The Tahoe Fund Board of Directors is pleased to announce three new Signature Projects that need your support. These projects will continue to improve outdoor recreation in the Tahoe Basin while restoring the natural environment.
Rubicon Trail & Lighthouse Restoration
Project Partner: California Department of State Parks & Recreation
The Rubicon Trail is one of the most iconic in the Tahoe Basin. Granite boulders reach down to the crystal blue waters below, while hikers can take in the panoramic vistas of Lake Tahoe from the West Shore. A section of the trail is currently challenging to navigate due to extreme steepness. This steepness also causes major trail erosion that ends up harming the trail and depositing sediment into the Lake.
State Parks has a plan to reroute this section of the trail to make it a more enjoyable trail to explore without the current erosion issues. With the support of private donors, we can help create a wonderful new section of trail for all to enjoy.
The project also includes restoration of the original lighthouse structure.
Dollar Creek Bike Path
Project Partner: Placer County
Dollar Creek Bike Path is a 2.2 mile section of the Lake Tahoe Bikeway that will one day circumnavigate the entire Lake. This section expands the trail that currently leads from Tahoe City up to Dollar Hill. When complete, there will be more than 25 miles of contiguous Class 1 bike path from Tahoma to Carnelian Bay allowing users to explore the natural area as well as the local shops and eateries without ever getting into a car.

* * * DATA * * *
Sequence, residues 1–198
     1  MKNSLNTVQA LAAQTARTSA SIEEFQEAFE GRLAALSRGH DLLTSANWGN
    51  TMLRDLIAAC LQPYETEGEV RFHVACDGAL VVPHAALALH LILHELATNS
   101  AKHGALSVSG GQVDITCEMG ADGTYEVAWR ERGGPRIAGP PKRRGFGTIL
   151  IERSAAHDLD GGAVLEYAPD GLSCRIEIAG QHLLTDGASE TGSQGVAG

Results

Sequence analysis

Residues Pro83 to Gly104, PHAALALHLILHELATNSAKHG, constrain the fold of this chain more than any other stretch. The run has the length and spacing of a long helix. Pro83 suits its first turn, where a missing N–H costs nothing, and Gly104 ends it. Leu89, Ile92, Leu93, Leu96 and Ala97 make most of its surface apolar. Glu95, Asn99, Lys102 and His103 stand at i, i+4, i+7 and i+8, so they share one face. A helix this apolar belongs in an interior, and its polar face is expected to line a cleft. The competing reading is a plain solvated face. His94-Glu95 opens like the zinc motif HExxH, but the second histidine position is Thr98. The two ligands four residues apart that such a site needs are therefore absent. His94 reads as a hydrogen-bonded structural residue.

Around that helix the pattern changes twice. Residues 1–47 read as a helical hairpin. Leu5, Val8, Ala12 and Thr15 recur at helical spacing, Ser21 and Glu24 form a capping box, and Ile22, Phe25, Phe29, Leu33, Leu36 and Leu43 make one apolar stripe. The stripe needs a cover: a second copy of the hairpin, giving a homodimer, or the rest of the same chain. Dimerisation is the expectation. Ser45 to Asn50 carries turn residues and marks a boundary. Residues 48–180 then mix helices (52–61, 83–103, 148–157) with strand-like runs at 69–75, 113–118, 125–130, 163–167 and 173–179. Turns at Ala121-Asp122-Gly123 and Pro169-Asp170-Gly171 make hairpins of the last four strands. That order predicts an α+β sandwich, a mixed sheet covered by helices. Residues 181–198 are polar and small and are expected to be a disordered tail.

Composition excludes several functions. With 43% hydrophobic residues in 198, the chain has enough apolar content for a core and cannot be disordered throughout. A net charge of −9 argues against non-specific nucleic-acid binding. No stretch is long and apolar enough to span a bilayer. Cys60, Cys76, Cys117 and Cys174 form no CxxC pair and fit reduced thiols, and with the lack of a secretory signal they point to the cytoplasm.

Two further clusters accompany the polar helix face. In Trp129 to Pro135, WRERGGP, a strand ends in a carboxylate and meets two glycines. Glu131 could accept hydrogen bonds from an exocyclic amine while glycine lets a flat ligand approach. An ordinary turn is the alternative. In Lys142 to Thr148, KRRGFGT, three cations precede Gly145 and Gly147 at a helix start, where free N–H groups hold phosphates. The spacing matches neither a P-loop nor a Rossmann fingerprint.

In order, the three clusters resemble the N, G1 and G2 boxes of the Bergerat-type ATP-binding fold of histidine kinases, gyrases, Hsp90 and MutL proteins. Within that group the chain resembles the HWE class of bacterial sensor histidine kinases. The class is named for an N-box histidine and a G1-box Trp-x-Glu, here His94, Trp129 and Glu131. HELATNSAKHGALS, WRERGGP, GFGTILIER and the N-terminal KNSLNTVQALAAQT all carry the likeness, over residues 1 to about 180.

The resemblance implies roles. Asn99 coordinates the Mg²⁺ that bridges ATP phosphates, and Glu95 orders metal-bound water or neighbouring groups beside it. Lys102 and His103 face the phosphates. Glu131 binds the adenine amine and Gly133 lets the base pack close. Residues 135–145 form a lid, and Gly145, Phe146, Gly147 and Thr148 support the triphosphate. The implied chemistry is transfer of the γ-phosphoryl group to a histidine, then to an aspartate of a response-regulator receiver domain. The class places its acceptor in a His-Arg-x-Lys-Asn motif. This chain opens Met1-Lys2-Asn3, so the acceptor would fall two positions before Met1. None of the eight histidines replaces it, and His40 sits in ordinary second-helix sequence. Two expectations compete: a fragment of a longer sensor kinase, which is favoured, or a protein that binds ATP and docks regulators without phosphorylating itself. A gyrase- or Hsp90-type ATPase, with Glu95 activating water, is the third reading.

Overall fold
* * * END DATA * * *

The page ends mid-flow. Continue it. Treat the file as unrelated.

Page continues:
The project will include three new areas to stop and enjoy the scenery, benches, picnic tables, bike racks, and interpretive panels that will call attention to interesting environmental information about the trail. Donor recognition opportunities are available on the benches, tables, bike racks and panels.
Taylor Creek Overlook
Project Partner: US Forest Service
Taylor Creek is the most popular interpretive center in the Tahoe Basin. Visitation spikes in the fall, when the Kokanee salmon begin spawning up the creek. Throngs of visitors, young and old, rush to the creek’s edge to see the waters turn alive with the bright red fish. Not surprisingly, so do the bears. Unfortunately, there is currently no proper way to responsibly protect the salmon and bears from the visitors, putting all three in danger.
The Tahoe Fund is working with the US Forest Service to design a new overlook at Taylor Creek that will provide a wonderful viewing location that will also significantly lower the issue of human-bear conflicts. Donations will be recognized on a donor wall at the trailhead.